Are mutual fund performance numbers reported net of fees (operating expenses and 12b-1)?

By Richard Loth AAA
A:

The answer depends on how you define "operating expenses."

Let's look at a cinematic metaphor to clear up this apparent ambiguity. A mutual fund's cost is similar to the cost of going to your local movie theater. Let's assume that the price of a movie ticket is $8. Snacks like popcorn, soft drinks and candy can easily add another $4 to the total cost of this entertainment, which means that it really costs you $12 to go to the movies.

A similar situation applies when it comes to the total costs for a mutual fund investor. There are four components to a fund's cost structure, two of which are deducted from a mutual fund's performance, which gives us its total return. Operating expenses (investment management, record keeping, custodial services, taxes, legal, accounting and auditing), expressed as the expense ratio, and a marketing/distribution fee (referred to as a 12b-1 fee, if there is one) is charged against the fund, which means that its total return is a net figure.

In addition, a fund incurs transactional costs – brokerage fees for buying and selling portfolio securities and spread differences between the bid and ask prices – which are not included in the expense ratio but certainly seem to qualify as operational expenses. These can be a significant expense item for a fund with a high portfolio turnover. Lastly, if your fund has a sales charge (load), that fee is also not included in its expense ratio.

In view of the above, a mutual fund's expense ratio is much like the price of a movie ticket in our example, while the transactional costs and sales charges are the equivalent to what a moviegoer spends at the refreshment counter. Obviously, neither the movie ticket price nor the expense ratio captures the respective total cost of a trip to the movies or a mutual fund investment.

When considering costs and expenses, a mutual fund's investment quality increases with the absence of sales charges and 12b-1 fees and the presence of low expense and portfolio turnover ratios. It is a matter of record that low-cost funds outperform high-cost funds.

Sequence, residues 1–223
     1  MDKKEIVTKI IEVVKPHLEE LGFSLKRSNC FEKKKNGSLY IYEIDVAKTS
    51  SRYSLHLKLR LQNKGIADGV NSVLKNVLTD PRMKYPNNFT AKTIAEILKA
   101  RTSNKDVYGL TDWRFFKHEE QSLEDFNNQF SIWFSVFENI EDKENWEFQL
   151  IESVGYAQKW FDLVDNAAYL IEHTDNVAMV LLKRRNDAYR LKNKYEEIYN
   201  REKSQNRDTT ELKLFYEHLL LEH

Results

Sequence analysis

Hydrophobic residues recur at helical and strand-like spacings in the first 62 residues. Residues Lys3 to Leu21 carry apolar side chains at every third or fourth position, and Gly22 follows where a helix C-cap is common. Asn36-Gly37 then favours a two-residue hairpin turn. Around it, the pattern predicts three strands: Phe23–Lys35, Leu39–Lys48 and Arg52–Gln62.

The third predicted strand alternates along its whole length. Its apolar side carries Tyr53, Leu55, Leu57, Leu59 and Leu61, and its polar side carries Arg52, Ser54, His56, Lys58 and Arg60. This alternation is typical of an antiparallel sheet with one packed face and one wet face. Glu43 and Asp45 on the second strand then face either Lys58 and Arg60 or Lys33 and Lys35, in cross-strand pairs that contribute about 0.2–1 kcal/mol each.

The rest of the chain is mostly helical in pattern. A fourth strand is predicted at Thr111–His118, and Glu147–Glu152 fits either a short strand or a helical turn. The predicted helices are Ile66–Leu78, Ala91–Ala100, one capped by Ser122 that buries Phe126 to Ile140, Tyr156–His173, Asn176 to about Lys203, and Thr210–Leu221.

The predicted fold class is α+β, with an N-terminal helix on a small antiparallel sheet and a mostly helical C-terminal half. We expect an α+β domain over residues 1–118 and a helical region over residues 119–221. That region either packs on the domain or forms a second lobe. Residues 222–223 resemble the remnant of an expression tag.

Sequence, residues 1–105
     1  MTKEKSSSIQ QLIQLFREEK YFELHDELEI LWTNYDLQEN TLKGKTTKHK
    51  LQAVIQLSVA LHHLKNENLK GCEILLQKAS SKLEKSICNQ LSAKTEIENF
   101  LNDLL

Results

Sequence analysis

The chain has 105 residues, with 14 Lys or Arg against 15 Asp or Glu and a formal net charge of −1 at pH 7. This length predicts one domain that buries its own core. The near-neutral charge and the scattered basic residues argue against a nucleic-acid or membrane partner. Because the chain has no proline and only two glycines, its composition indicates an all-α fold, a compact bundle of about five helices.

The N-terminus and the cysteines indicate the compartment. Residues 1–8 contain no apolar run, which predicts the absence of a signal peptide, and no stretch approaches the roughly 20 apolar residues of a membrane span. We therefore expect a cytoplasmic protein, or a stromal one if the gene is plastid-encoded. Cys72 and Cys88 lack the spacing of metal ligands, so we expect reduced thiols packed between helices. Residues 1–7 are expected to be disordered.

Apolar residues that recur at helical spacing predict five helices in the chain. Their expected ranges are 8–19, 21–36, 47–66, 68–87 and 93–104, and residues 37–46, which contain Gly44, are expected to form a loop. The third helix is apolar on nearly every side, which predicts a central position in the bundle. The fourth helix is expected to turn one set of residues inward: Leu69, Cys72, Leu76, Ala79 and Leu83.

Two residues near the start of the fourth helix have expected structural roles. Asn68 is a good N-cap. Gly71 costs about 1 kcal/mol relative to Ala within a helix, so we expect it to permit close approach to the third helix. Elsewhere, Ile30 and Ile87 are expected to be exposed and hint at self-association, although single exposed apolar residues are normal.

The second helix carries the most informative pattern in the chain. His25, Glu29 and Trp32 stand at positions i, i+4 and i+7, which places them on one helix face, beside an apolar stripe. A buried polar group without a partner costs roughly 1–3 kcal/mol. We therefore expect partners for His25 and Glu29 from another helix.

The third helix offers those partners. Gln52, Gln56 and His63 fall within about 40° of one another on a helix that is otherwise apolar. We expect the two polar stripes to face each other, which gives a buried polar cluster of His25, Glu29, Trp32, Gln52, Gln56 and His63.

The reader should note that because redemption fees for early withdrawals from a fund are controlled by the investor, not the fund company, they do not figure into this discussion.

To learn more, see Picking The Right Mutual Fund.

RELATED FAQS

  1. What is the minimum amount of money that I can invest in a mutual fund?

    Learn about investing in mutual funds even with a smaller initial investment; there are many funds available to investors ...
  2. What does a mutual fund's beta coefficient measure?

    Evaluate the risk associated with a particular mutual fund by determining its beta coefficient, which illustrates the fund's ...
  3. How can I get a mutual fund prospectus?

    Read and understand the prospectus before investing in a mutual fund. You can obtain a copy from the fund company, your financial ...
  4. Can I purchase mutual funds for my IRA?

    Learn how to invest your IRA assets in mutual funds. Discover a few of the different types of mutual funds available for ...
RELATED TERMS
  1. Discretionary Investment Management

    A form of investment management in which buy and sell decisions ...
  2. Account Minimum

    The minimum balance required to be maintained in an investment ...
  3. Capital Growth

    The increase in value of an asset or investment over time. It ...
  4. Absolute Percentage Growth

    An increase in the value of an asset or account expressed in ...
  5. Historic Pricing

    A method for calculating the value of an asset using the last ...
  6. Compound Annual Growth Rate - CAGR

    The year-over-year growth rate of an investment over a specified ...
Related Articles
  1. How Does Janus's Fund Lineup Look Now?
    Investing Basics

    How Does Janus's Fund Lineup Look Now?

  2. Thank You, Pimco: BlackRock Drops Bond-Fund ...
    Investing Basics

    Thank You, Pimco: BlackRock Drops Bond-Fund ...

  3. What Bill Gross's Arrival Means To Janus ...
    Mutual Funds & ETFs

    What Bill Gross's Arrival Means To Janus ...

  4. The Key Differences Between ETFs And ...
    Investing Basics

    The Key Differences Between ETFs And ...

  5. 5 Things You Need To Know About Index ...
    Investing Basics

    5 Things You Need To Know About Index ...

Trading Center